As was mentioned earlier, a little-understood "on-off" mechanism in a gene decides which cells become what, and produces birth defects or cancer by turning on the right (or wrong) genes. If some way could be found to govern that switch -- that is, to control the process of cell differentiation -- we might be able to prevent a broad range of human ailments, maybe even grow new organs or limbs in people to replace lost or diseased ones.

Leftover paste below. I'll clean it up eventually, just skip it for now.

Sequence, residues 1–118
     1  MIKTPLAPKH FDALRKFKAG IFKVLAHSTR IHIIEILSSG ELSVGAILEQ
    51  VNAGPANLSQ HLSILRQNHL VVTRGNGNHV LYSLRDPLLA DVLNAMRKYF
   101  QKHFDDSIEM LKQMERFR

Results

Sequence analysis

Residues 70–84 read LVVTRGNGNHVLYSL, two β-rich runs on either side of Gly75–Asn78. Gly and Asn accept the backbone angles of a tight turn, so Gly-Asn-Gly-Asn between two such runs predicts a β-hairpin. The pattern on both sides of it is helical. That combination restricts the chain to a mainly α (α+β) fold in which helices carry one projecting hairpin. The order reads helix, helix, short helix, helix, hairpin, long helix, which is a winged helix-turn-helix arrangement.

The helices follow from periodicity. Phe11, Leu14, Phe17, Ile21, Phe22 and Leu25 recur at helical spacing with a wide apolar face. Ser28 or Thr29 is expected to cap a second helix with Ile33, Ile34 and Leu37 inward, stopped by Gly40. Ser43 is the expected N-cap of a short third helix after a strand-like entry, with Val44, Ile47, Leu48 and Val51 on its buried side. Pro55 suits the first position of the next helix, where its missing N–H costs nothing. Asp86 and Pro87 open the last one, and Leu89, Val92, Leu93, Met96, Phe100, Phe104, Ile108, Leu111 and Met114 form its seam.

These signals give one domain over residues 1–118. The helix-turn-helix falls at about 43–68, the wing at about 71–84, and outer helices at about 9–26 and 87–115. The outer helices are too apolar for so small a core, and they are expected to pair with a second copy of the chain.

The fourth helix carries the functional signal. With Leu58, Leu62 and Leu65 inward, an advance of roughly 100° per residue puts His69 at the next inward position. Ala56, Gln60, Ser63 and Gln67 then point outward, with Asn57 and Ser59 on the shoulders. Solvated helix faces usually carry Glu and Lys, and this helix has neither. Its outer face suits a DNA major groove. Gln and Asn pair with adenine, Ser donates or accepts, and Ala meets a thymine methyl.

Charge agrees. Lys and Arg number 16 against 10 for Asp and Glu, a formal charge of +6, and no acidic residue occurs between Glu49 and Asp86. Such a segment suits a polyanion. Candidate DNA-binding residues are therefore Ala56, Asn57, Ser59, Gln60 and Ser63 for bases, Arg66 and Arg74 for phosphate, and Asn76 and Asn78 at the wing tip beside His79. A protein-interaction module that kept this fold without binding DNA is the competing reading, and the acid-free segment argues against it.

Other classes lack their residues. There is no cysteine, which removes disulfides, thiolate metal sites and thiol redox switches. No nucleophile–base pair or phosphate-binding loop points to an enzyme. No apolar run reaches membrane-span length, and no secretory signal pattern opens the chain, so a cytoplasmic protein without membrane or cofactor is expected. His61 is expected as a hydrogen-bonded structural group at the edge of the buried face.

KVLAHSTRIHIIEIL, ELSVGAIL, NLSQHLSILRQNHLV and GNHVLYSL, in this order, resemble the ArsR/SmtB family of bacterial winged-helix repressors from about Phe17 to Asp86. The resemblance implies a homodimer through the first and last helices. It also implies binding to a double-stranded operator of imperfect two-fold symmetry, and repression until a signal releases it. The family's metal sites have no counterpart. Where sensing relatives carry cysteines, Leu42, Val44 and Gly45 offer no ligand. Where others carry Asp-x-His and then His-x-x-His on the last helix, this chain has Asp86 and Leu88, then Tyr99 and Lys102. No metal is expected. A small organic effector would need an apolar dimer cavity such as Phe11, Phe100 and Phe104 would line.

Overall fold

Recently the University of Chicago's Dr. Charles Huggins and a colleague, Haridara Reddi, reported that they had discovered an electrochemical method of working the "on-off" switch. Using bone matrix -- a protein that is able to change soft fibrous cells called fibroblasts to cartilage, bone, and bone marrow, in a sort of biological chain reaction -- the researchers stopped or started cell differentiation in adult rats. They did this by changing the electrical charge on the material. In their experiments, bone matrix (which remains behind after the powdered